The search on bloggers only got me
    ‘bloggers are journalists’
    ‘bloggers are the new journalists’
    ‘what are bloggers’

    So maybe the hate is related to searches performed in the English language? I wonder if other people did this in different languages what results they would get.

    Anyway, take comfort, in The Netherlands and Flanders, bloggers are as yet little know and those who are known, are in good standing 🙂

    • Susannah Plomer

      October 30, 20132:25 pm

      Haha! Thank you ST! That really made my day! It’s very interesting indeed to see how these autofill fields vary from region to region and also according to time of year, so I’m told. It’s fun to try this with all different kinds of phrases, it really does reveal so much about people’s internet habits. Check out the exterminate blog series I linked to in the article, it’s hilarious (and terrifying!)
      Also, it’s great that bloggers from the Netherlands and Flanders are yet to be discovered and have the glory they deserve! Get blogging! 🙂 Thanks for your comment & for stopping by 🙂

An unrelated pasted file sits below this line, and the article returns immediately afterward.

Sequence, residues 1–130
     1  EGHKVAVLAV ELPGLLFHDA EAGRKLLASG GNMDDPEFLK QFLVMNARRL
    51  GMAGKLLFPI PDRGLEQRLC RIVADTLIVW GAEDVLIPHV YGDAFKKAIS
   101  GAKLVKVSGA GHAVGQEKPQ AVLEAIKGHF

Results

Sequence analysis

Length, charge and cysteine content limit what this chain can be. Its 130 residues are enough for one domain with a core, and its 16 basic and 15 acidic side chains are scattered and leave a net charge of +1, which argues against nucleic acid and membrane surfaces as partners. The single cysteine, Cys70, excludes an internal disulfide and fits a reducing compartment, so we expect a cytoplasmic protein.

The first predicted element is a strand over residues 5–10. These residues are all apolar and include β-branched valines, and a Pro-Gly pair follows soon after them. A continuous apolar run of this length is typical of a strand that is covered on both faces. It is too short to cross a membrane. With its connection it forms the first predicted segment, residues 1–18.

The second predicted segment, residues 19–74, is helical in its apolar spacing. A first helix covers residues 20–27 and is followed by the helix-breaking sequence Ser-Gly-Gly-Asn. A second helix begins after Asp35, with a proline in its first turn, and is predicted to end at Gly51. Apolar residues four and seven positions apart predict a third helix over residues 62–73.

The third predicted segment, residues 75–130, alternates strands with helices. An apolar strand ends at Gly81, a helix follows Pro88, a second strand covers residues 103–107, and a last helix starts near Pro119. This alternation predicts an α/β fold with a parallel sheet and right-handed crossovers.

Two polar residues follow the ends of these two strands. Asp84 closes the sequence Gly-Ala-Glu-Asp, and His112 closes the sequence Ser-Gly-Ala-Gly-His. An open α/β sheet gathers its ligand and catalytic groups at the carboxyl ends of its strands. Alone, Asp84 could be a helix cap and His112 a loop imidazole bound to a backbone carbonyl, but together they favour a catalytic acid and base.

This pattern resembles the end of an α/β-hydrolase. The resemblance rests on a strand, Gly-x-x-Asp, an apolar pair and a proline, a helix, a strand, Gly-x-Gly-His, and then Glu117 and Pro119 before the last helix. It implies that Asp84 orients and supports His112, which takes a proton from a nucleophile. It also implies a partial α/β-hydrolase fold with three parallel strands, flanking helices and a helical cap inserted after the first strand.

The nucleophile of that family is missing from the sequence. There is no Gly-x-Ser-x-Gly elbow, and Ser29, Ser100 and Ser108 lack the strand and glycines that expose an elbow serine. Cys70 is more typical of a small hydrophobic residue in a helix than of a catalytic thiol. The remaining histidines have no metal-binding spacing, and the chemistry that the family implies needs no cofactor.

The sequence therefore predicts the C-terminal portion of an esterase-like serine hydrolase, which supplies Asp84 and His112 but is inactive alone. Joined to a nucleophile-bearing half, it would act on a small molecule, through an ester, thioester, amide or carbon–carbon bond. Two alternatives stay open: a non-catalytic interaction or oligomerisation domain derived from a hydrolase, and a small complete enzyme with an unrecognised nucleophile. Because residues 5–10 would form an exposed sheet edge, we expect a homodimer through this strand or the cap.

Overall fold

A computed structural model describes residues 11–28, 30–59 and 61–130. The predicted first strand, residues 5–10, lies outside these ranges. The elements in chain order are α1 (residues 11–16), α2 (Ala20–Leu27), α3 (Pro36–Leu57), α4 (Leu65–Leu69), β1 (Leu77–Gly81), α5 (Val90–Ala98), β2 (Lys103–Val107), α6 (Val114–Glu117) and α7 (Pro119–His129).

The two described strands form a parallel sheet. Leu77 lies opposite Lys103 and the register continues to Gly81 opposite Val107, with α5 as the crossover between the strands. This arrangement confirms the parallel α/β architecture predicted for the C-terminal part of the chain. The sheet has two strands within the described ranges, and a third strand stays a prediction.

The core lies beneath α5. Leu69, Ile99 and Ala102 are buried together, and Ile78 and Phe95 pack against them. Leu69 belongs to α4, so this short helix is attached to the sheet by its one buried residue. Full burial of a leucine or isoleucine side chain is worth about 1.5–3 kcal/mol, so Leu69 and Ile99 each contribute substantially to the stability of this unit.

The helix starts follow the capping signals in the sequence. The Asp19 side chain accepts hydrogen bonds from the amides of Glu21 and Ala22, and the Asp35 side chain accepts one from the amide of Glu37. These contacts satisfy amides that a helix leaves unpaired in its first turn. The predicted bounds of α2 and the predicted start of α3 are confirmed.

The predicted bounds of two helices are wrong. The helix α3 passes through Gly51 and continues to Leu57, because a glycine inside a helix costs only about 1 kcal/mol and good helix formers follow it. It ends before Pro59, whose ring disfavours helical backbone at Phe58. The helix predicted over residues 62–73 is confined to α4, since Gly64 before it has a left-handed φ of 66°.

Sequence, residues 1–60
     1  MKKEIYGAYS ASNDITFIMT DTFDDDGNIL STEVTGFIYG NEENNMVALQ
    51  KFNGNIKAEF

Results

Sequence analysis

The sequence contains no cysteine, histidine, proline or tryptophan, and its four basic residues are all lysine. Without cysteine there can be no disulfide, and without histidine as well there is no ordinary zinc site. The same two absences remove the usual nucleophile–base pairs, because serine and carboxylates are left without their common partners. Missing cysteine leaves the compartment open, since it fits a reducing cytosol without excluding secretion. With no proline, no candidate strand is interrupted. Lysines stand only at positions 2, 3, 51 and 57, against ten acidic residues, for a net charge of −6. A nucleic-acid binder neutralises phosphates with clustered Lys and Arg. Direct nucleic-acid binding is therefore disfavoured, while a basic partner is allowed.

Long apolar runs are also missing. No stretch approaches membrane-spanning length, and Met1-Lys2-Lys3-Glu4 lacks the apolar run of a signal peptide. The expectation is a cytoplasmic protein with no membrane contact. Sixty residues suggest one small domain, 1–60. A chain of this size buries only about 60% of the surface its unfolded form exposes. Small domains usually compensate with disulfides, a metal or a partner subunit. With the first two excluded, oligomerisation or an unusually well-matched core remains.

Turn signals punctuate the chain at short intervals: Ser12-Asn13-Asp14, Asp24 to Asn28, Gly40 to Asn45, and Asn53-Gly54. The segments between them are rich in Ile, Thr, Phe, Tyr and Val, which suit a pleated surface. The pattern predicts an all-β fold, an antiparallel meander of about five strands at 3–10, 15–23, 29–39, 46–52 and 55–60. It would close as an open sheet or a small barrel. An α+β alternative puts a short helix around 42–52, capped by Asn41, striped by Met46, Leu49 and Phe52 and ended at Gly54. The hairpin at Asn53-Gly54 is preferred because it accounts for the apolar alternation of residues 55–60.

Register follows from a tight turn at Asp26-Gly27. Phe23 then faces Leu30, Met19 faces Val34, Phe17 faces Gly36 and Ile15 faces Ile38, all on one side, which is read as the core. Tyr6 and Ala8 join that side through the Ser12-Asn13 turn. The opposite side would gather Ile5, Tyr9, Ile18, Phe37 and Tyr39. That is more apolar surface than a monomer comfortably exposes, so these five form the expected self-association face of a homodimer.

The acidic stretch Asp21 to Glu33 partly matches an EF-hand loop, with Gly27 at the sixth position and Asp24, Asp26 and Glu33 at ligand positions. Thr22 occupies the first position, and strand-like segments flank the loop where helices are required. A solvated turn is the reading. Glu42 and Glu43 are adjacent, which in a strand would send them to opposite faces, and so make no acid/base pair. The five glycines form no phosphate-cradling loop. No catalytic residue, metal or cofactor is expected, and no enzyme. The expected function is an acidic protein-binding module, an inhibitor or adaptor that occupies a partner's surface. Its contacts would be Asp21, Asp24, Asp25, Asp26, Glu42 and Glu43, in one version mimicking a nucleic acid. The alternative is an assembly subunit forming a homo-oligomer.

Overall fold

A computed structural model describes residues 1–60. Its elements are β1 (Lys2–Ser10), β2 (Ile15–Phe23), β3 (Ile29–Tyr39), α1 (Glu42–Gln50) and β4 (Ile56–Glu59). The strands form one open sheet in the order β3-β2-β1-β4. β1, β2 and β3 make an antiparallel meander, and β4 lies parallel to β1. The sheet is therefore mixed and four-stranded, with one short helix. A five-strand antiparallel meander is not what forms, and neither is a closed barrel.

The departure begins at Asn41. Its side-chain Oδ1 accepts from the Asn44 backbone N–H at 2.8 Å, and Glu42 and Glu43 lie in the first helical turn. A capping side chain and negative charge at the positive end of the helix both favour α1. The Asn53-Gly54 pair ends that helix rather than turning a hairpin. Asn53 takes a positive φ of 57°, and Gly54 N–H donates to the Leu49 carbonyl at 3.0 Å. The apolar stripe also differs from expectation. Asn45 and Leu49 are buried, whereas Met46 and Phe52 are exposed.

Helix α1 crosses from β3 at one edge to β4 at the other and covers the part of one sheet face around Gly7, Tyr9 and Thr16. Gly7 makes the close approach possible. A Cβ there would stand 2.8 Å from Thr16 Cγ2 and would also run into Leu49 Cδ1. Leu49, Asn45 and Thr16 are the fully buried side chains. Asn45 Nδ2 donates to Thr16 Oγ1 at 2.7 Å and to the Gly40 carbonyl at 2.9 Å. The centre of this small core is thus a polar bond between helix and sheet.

3. Benjamin L. Stewart

    October 24, 20133:14 am

    Actually, doing a Google search for “Bloggers are…”, and concluding that Google is telling us something (albeit a bit anthropomorphic), ignores the possibility that popular blog posts, articles, etc. post ridiculous ideas that generate a lot of (possibly opposing) responses. Perhaps the reason ridiculous posts generate so many responses (and ultimately show up high in Google’s ranking) is that just maybe, many people disagree with the authors original thesis (e.g., Bloggers are losers.). It would be worth conducting a study, but it certainly is a possibility. The question is…”Are individuals more likely to respond to a post they agree with, or one that they disagree with? I suspect the latter.

    • Susannah Plomer

      October 24, 20138:48 am

      I do agree with you Benjamin. I just found it interesting and a little sad that when I typed in ‘bloggers are…’ the phrases that were suggested were mostly negative. Negative and derogatory statements seem to be generally more popular to web users than sweeping positive statements. In the blogging world, headlines such as ‘The Worst ….. Ever’ tend to naturally draw more hits than posts entitled: ‘The Best…or The Most Wonderful….’ etc. Do you not think? I also found the results of ‘women should’ and ‘men shouldn’t’ a very interesting reflection of what people are searching for online, regardless of whether or not they reflect genuine opinion.